Wednesday, 11/10/10

Onion 4:33
NYT 3:15
LAT 3:04
CS untimed

Hey, did you all figure out the New York Times crossword contest last week? The trick was to punch out the {HOLE} rebus squares in Mike Nothnagel’s Thursday puzzle, overlay the grid on Mike’s Friday puzzle, and anagram the letters peeking through. The letters spelled out a nine-hole GOLF ROUND, aptly enough.

Speaking of contests, I fear that none of you teased out the hidden contest in Sunday’s Crossword Fiend post. Even after Fiendmate Sam Donaldson gave a little nudge in the comments, there was nary a peep. Come on, puzzle people! You can find the hidden contest!

Sam Donaldson’s New York Times crossword

Region capture 1Why, if it isn’t the aforementioned Sam Donaldson! (Remember, crossword Sam Donaldson is not ex-ABC News Sam Donaldson. His hair is less scary.) Sam’s theme is (semi-)famous people known by two initials and a last name, and in each case the two initials are a double letter. There’s poet e.e. cummings, better-known-as-Saki H.H. MUNRO, Lost co-creator J.J. ABRAMS, blues legend B.B. KING, clothing and sports gear seller L.L. BEAN, ["The Monkey's Paw" author] W.W. JACOBS (who??), Pooh-meister A.A. MILNE, and baseball player C.C. SABATHIA. Now, when I went to see if those letters would spell anything out if you anagrammed them, I overlooked the two shorter entries and came up with CHE JAW. With the L and B, though…JAW BELCH? Nah. Anyway, cool theme.

CheJawCraziest answer in the grid: 45d: ELISIR, the missing word in the Donizetti opera “L’___ d’Amore.” Italian for “elixir,” I presume? And did you know that elixir has Arabic roots? Those who solved Matt Gaffney’s latest crossword contest did. Kinda rough crossing with the L meeting LEILA. Honorable mention: BIMINI, the [Fountain of Youth site, it's said].

Weirdest plurals: JUMBOS, ESCROWS, RICOTTAS.

Coolest fill: SNUFFBOX.

Tastiest fill: PECAN, toasted. Wins in a landslide against the ONION. Honorable mention to the verb FUDGES, which probably go better with walnuts than pecans.

Did you notice the random double letters aside from the eight names in the theme? ACCTS, MITTEN, ANNI, AARP, SWEE, PEEP, OMEN II, SNUFFBOX, RICOTTAS, BAAL, and LLAMAS join the party. Of course, this may well not be significantly more double letters than are found in the average crossword.

Shout-out to 51d: [CBS military drama]. Crossworder Bob Petitto’s daughter Jamie had a bit part in tonight’s episode of NCIS.

Naughtiest memory: 31a: LEROY is clued as ["Bad, bad" Brown of song]. I was a little kid when that song came out, and we kids giggled every time Jim Croce sang “baddest man in the whole damn town.” Because he said “damn.” And that’s a bad word.


Updated Wednesday morning:

Doug Peterson’s CrosSynergy/Washington Post puzzle, “See the Sea”—Janie’s review

And “see the sea” you will—at the end of each of Doug’s non-aqueous theme phrases. There are four of them, giving us the North Sea, the Caspian, the Red and the Dead. All but the first find themselves into the Medieval period’s list of the “Seven Seas.” Best part, though, is the way each theme entry tops the next in the liveliness department. See if you don’t agree.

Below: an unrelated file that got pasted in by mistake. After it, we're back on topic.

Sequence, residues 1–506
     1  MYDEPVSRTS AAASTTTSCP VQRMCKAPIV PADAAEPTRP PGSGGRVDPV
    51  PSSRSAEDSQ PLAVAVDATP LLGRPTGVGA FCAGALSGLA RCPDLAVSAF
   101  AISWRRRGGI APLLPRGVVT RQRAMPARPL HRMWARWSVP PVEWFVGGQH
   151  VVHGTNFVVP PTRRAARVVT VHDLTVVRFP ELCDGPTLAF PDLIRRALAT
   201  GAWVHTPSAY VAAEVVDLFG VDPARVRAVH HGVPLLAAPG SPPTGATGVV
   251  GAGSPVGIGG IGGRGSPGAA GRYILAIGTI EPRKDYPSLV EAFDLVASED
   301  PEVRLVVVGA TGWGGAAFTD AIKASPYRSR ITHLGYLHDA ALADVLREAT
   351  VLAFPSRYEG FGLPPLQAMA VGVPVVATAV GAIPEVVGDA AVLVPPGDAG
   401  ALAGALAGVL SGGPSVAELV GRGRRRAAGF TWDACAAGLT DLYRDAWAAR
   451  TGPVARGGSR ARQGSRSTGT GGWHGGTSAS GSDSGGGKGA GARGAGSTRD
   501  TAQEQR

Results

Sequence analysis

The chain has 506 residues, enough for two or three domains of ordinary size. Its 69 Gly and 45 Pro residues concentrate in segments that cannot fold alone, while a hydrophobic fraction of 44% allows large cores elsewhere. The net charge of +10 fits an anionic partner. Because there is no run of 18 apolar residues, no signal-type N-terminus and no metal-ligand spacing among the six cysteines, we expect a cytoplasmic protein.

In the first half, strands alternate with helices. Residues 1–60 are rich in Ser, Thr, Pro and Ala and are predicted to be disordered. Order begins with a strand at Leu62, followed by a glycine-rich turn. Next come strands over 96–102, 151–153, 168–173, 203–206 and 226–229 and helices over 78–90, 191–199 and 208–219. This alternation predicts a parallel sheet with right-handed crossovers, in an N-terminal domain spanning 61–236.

17A. [Iran-Contra affair figure] OLIVER NORTH. Catch up on this Reagan-era scandal here.

26A. ["The Chronicles of Narnia" book] PRINCE CASPIAN. Have you read these? I own the series but confess to having read only The Lion, the Witch and the Wardrobe and Prince Caspian. Yeeeeears ago. While the former made a vivid impression, I have no recall whatsoever of the latter… <Sigh>

47A. [Popular color for convertibles] CANDY APPLE RED. Ooh, that’s good fill. I’d always heard that candy apple red cars of any persuasion were cop magnets—but for a ’66 Mustang convertible…well, it just might be worth the risk, no?

62A. ["Break a leg!"] “KNOCK ‘EM DEAD!” See what I mean about the incrementally stronger theme fill? This feels like a great use of slang to me. And Doug gives us more of the same with the beautiful “IT’LL COST YA!” ["I don't come cheap!"] combo. Love it. I also love the way the former ties in so effortlessly with the stage-centric OBIE [New York theater award] and MUSICALS ["Oklahoma!" and "Hello, Dolly!"].

There’s so very much that’s good in the non-theme fill department as well—like that euphonious crossing of SAVANNA [Gazelle's habitat] and DASANI [Coca-Cola bottled water brand]; the sound, too, of POMONA [Suburb of Los Angeles] and POMELO [Thick-skinned citrus fruit]; the mere mention of TAHITI ["Mutiny on the Bounty" island]; and the mythological [Lover of Hero], LEANDER, whose tragic story was probably not the inspiration for ["Love is a Battlefield" singer] PAT BENATAR, but whose love for Hero did prove to be a battlefield of sorts and whose watery demise ties in to today’s theme.

MON AMI is [My friend, to François]. Upping the ante State-side, HON is a [Term of endearment], perhaps bestowed by someone under the influence of AMOR, that [Bow-toting deity] of Roman mythology—who sometimes comes off as being a bit of a SPRITE [Pixie] himself. Another tied-in team, this time of the four-legged cartoon variety, gives us both SCOOBY[-Doo (Shaggy's canine pal)] and OTTO ["Beetle Bailey" pooch]. And should you need to take the edge off a stressful day with something alcoholic, you might opt for a shot of STOLI [Absolut rival familiarly] or (moving right along the row) [Scotch go-with] SODA (and scotch, of course…).